By Jennifer Merin
WeNews film critic
Friday, June 14, 2013
Opening June 14, this narrative film by Sofia Coppola and the documentary "Twenty Feet From Stardom" both highlight the potential ramifications on those in the celebrity spotlight in the United States.
Credit: Courtesy of American Zoetrope/Nala Films.
(WOMENSENEWS)--Two films opening today, Sofia Coppola's narrative "The Bling Ring" and the documentary "Twenty Feet From Stardom," reflect on how the U.S. celebrity-driven culture infects burgeoning wannabes and those who are almost there.
"The Bling Ring," written and directed by Coppola, is based on "The Suspects Wore Louboutins," a disturbing story Nancy Jo Sales wrote for Vanity Fair. A gang of upper middle class teens -- four female (played by Katie Change, Emma Watson, Claire Julien and Georgia Rock) and one male (Israel Broussard) -- have an incessant craving for insider connections to Hollywood's culture of celebrity and conspicuous consumption. They take to robbing the Hollywood Hills homes of Paris Hilton, Lindsay Lohan, Megan Fox, and Orlando Bloom, among other wealthy A-listers, some of whom appear briefly, tangentially, in the film.
Performance-wise, Watson steals the screen, revealing facets we've not seen previously. Coppola's take on this deep-seated issue is quite breezy. But perhaps that's her point, that nobody is taking America's insatiable consumerism and infatuation with fame--and what it bodes for the future--seriously enough. See the film, and judge for yourself.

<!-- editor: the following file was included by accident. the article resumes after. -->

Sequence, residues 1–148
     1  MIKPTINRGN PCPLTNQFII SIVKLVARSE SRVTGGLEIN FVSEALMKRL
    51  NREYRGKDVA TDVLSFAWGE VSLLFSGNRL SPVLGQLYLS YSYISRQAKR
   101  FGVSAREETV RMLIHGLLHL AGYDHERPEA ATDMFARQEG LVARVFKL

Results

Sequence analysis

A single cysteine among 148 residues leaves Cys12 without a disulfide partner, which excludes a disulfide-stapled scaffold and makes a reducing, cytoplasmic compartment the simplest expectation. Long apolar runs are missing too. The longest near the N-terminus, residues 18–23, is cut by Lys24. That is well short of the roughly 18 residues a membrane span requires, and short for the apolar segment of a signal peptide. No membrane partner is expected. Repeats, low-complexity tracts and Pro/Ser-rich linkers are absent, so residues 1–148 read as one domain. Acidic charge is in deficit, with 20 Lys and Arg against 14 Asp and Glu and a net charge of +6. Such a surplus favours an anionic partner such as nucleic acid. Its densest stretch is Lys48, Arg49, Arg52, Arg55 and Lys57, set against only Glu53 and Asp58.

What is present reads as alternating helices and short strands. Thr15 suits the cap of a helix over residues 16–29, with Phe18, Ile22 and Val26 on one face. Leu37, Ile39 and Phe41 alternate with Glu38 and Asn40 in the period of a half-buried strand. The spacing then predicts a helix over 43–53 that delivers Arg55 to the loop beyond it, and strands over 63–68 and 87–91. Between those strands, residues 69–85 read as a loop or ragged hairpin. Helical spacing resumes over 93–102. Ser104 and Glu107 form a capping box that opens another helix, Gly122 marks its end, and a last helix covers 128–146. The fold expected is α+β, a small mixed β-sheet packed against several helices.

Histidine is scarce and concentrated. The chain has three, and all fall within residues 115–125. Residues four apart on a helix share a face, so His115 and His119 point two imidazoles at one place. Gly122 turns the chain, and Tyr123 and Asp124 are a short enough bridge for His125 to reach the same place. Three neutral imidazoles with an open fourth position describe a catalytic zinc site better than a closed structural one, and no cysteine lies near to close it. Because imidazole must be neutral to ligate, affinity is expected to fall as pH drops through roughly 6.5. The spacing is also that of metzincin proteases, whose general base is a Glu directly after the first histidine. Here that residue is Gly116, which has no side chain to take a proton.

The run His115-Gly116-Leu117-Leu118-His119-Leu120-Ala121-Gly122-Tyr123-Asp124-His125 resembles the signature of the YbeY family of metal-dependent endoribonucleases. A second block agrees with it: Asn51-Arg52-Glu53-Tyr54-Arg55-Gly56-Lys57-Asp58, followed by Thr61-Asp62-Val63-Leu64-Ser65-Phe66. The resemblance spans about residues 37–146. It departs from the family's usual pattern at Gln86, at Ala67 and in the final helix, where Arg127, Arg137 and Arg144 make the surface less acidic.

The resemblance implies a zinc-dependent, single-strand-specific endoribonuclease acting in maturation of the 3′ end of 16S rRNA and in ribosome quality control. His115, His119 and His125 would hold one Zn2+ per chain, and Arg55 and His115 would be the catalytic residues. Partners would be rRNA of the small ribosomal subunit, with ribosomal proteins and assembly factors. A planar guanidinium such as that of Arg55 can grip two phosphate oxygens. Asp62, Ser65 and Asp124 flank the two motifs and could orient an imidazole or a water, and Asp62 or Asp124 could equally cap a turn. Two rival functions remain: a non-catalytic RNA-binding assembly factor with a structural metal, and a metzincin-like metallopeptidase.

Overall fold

In "Twenty Feet From Stardom," documentary filmmaker Morgan Neville focuses his lens on female backup singers who've enhanced the performances of headliners, but struggled for recognition. The documentary's leading ladies – the fabulously talented and gorgeous Merry Clayton, Lisa Fischer, Judith Hill and Darlene Love -- tell stories of surviving through periods of struggle, economic hardship and emotional distress. Frontman Bruce Springsteen and other star musicians appear in the film praising their backups, but the documentary brings home the point that women are just as frequently treated as second-class citizens in the music industry as they are in the movie business. That's show biz. And, that's what we're trying to change – on all fronts.
In addition to covering film for Women's eNews, Jennifer Merin writes about documentaries for About.com and is president of the Alliance of Women Film Journalists, a nonprofit organization of the leading female film journalists in the U.S. and Canada. She is also a member of the prestigious Broadcast Film Critics Association.
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